Season after season, Ackermann churns out magnetic pieces which have made him a favourite for celebrities, counting Kanye West amongst his loyal fans. Ackermann endearingly shares “I never contacted them. I would never dare. I'm far too shy for it”. It’s also worth mentioning that West has in part, popularised certain pieces. Early on that decade, (and some would argue, to this day) there was a time where anything worn by Kanye would be discussed in great detail by his devoted followers on forums and Facebook groups. Love him or hate him, his influence in shaping the landscape of modern menswear is undeniable. Around 2014, Kanye regularly sported Ackermann’s designs, from the burgundy velour sweatsuit which he wore to the 2015 Grammy Awards, to more versatile everyday pieces, like the iconic drop-crotch trousers. And of course, we have to discuss the famous red velvet bomber. The Weeknd once said “For my generation, the bomber jacket is like a replacement for the suit jacket. It's a piece that men wear every day, and it's something that I would wear for any occasion, whether it's on the street or going to an awards ceremony.” And it seems that statement rings true. The very same piece was also worn by A$AP Rocky and Miguel, and it’s still heralded as a grail by fashion fanatics (and currently comes at a heavy price tag of $4000 on eBay).
Rappers aside, Ackermann’s work, whether it’s Berluti or his own namesake label, has earned him ardent fans in the upper echelons of Hollywood, like Tilda Swinton, Janet Jackson, and Timothée Chalamet. The latter, named ‘The Most Influential Man in Fashion’ by Vogue in 2019, regards Ackermann’s designs as a permanent fixture in his wardrobe rotation. In 2017, Chalamet wore a purple suede leather jacket from Berluti for the premiere of Call Me by Your Name at the Berlin film festival. In 2018, he emerged in the Italian brand again, wearing the iconic all-white tuxedo on the red carpet of the Oscars. It doesn’t hurt either that the young star is known for dressing himself. Chalamlet’s ensemble of choice to the Venice Film Festival in 2019, a belted silky silver suit, resulted in a meteoric 806% increase in searches for Ackermann. The same year, he was also named as the third “most engaged with” designer on Instagram, just behind Alessandro Michele of Gucci and Fenty Puma.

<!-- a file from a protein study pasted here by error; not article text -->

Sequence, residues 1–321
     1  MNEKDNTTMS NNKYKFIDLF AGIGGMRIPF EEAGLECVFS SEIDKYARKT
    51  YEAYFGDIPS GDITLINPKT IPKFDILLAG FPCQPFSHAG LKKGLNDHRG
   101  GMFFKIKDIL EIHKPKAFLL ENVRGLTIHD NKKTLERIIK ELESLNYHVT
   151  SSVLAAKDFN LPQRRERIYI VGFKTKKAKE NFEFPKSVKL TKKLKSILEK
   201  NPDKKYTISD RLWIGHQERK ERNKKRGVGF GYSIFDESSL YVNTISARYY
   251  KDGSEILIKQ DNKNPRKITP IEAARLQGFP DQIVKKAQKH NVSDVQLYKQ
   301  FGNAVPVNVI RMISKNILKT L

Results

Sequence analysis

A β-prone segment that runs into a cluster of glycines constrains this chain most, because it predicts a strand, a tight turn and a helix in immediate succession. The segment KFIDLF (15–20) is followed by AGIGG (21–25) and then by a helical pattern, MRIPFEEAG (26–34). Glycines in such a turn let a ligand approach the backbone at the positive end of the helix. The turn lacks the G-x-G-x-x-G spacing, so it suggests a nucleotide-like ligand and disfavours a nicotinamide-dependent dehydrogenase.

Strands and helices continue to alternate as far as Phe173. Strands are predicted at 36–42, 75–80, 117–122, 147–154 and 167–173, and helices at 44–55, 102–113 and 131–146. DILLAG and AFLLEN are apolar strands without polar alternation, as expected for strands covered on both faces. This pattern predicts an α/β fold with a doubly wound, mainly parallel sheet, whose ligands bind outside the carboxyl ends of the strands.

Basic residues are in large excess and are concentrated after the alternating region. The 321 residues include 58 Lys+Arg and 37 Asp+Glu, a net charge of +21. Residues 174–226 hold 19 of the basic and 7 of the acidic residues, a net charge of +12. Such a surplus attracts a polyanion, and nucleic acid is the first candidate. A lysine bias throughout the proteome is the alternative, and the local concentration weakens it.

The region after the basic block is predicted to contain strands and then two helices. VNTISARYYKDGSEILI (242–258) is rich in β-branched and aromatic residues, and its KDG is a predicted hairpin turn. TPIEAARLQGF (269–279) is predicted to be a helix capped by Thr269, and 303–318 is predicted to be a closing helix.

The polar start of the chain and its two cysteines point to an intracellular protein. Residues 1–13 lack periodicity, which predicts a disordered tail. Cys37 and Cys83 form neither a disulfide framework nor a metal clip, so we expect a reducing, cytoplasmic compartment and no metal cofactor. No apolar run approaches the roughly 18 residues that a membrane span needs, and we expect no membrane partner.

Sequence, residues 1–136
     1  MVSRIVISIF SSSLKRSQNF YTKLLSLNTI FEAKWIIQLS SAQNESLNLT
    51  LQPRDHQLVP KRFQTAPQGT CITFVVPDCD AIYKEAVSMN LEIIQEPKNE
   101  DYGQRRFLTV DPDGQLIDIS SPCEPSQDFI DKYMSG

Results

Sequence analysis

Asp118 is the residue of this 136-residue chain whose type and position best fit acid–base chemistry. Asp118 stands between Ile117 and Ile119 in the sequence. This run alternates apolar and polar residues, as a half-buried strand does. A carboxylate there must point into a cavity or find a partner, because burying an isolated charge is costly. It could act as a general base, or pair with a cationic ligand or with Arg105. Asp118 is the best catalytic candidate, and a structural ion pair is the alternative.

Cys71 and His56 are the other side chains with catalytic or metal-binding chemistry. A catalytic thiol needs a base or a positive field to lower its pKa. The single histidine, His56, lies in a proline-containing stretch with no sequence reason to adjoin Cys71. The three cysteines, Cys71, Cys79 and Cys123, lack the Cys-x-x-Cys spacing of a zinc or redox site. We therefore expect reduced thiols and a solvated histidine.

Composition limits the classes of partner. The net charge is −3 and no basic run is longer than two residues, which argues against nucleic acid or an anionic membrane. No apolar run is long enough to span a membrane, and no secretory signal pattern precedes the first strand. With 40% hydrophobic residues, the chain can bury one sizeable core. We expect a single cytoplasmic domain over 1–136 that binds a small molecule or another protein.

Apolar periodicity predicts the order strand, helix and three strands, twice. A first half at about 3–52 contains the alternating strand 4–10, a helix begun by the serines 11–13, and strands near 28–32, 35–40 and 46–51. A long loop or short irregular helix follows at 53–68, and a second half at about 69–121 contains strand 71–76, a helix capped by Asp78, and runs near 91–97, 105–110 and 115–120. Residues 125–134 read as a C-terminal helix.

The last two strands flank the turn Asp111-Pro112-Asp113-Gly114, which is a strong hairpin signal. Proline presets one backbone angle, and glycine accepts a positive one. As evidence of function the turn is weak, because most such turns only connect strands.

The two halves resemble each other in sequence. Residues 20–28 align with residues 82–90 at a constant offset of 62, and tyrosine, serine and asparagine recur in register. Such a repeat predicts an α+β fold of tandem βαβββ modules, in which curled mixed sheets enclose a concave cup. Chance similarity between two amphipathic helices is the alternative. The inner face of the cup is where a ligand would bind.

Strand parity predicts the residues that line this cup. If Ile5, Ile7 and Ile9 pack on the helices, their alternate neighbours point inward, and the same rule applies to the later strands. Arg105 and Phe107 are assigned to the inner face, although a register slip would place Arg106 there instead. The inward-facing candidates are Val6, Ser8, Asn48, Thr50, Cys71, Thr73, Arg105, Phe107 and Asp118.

If standing ovations and the applause at Haider Ackermann shows is anything to go by, it’s reflective of how loved and celebrated both the man and the label are. Considering how much he has influenced the streetwear landscape (as evidenced with his bestselling velvet sweatsuits and bomber jackets), it’s intriguing to note how Ackermann has never once succumbed to passing trends or relied on social media. Instead, his designs have continued to draw in esteemed tastemakers and style dictators off its own accord, a true testament to his artistry and talent.